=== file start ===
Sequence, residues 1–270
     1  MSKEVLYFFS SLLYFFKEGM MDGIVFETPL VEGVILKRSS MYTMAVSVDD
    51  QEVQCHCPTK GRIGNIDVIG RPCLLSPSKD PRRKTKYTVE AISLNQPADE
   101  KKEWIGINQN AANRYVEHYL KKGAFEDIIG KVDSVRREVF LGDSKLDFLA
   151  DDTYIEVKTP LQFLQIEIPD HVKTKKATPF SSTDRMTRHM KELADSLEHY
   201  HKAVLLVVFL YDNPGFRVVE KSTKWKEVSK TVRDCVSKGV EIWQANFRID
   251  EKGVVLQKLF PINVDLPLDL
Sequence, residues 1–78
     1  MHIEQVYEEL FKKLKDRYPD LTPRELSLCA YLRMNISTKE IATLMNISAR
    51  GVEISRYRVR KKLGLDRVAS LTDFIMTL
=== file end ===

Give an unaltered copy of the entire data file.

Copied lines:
Sequence, residues 1–270
     1  MSKEVLYFFS SLLYFFKEGM MDGIVFETPL VEGVILKRSS MYTMAVSVDD
    51  QEVQCHCPTK GRIGNIDVIG RPCLLSPSKD PRRKTKYTVE AISLNQPADE
   101  KKEWIGINQN AANRYVEHYL KKGAFEDIIG KVDSVRREVF LGDSKLDFLA
   151  DDTYIEVKTP LQFLQIEIPD HVKTKKATPF SSTDRMTRHM KELADSLEHY
   201  HKAVLLVVFL YDNPGFRVVE KSTKWKEVSK TVRDCVSKGV EIWQANFRID
   251  EKGVVLQKLF PINVDLPLDL
Sequence, residues 1–78
     1  MHIEQVYEEL FKKLKDRYPD LTPRELSLCA YLRMNISTKE IATLMNISAR
    51  GVEISRYRVR KKLGLDRVAS LTDFIMTL